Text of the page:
In the Introduction to “The Republic of Imagination,” Professor Azar Nafisi relates an anecdote about a young Iranian ex-pat she calls “Ramin” who, at a book promotion event, basically told her she was wasting her time. Americans, he said, are very different than Iranians.
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He insisted that Americans are from another world and don’t care about books. His words haunted Dr. Nafisi over the years. A decade later, she rebutted Ramin in that Introduction arguing that America still has an imaginative and curious ethos and points to those who haunt bookstores, go to readings and read in the quiet and privacy of their homes as evidence. But with the zealous crusade to ban book after book not only from schools but now from public libraries intensifying from smoldering to burning, I cannot help but find myself in sympathy with the young man’s point.
In his classic novel “Fahrenheit 451,” Ray Bradbury created an eerie but poignant scene in which the Firemen arrive at Mrs. Blake’s house after a neighbor denounced her to the authorities for having books. After dousing her cherished library with kerosene, they order her to leave before they set them ablaze. She refuses. In her hand she holds the instrument that will prevent them from setting them afire. A simple match, which she strikes, doing the deed herself. In so doing, Mrs. Blake throws herself upon the pyre and self-immolates along with her treasure.
Whose act is pernicious and whose is noble? You decide.
“Fahrenheit 451” is a chilling tale despite its heated message. Bradbury wrote it eight years after the most notorious of book burners were defeated. But the climate in America then was hardly free and open. It was the McCarthyism era, a shameful period of our past that was also an ominous prescient preview of America in the third decade of the twentieth-first century. We are, despite George Santayana’s warning, in danger of repeating that past because we haven’t learned the lessons from it.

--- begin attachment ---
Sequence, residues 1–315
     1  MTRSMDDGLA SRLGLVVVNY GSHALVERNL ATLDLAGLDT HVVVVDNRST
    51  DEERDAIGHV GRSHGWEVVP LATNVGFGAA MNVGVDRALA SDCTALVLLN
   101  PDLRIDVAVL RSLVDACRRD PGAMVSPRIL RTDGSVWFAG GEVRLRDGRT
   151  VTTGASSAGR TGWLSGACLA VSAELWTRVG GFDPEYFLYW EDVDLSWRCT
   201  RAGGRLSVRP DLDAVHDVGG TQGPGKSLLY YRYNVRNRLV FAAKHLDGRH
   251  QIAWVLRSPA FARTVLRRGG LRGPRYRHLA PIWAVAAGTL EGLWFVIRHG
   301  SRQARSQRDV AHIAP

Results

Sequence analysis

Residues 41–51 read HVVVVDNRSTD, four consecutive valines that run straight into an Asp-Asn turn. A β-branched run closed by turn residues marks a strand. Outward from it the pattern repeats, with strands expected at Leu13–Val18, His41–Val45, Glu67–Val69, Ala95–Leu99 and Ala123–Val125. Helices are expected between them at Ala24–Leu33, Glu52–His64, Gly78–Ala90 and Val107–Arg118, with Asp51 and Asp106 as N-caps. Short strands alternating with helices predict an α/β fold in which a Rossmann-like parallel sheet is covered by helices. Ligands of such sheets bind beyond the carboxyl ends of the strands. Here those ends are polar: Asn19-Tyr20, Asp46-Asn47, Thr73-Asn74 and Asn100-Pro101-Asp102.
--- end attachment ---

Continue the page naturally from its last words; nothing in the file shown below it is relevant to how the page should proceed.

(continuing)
The title of “Fahrenheit 451” is derived from the temperature paper reaches when torched. One wonders what the emotional temperature of book banners is. I surmise considerably higher than 98.6.
Is it fair to equate book burning with book banning? Yes. The
difference is merely a matter of degrees. While banning does not physically destroy books, it has the same effect as burning. It is censorship, a form of silencing as Professor Nafisi contends.
“Book bans,” she posited in a Washington Post op-ed, “are canaries in coal mines — indicators of the direction in which a society is moving.”
She, like Ramin, ought to know, having borne debilitating afflictions at the hands of Iran’s theocratic censors and refusing to buckle.
Book banning is more than silencing writers and depriving readers, particularly the young, of the opportunity to learn about and debate the merits of ideas. It is a form of dumbing down. Students subjected to such bans will inherently have comparatively limited proficiencies in multiple areas vis-à-vis their unencumbered peers. Thus, they will be underprepared for the world in which they will soon be engaging as adults. The antithesis of what Shakespeare’s King Henry V averred before the literal Battle of Agincourt: “All things be ready if our minds be so.”
The burning question each citizen must answer is how they will respond to the censoring. One powerful strategy is reading and talking openly about books under assault. I sardonically quip that in a way I should thank the banners for helping me to compile my reading list. Some of the proscribed books I have read, but many, especially newer ones on the scene, I haven’t. Yet. Not all are my normal cup of literary tea, but then my curiosity prompts me to dig into them to see what the fuss is all about. Unsurprisingly, I keep finding that it is, as the Bard once wrote, much ado about nothing.
“You don’t have to burn books to destroy a culture,” Bradbury said. “Just get people to stop reading them.”
Indeed. We are at a crossroad. To paraphrase Hamlet, to read unfetteredly or not to. That is the burning question before us.
Jerry Fabyanic is the author of “Sisyphus Wins” and “Food for Thought: Essays on Mind and Spirit.” He lives in Georgetown.
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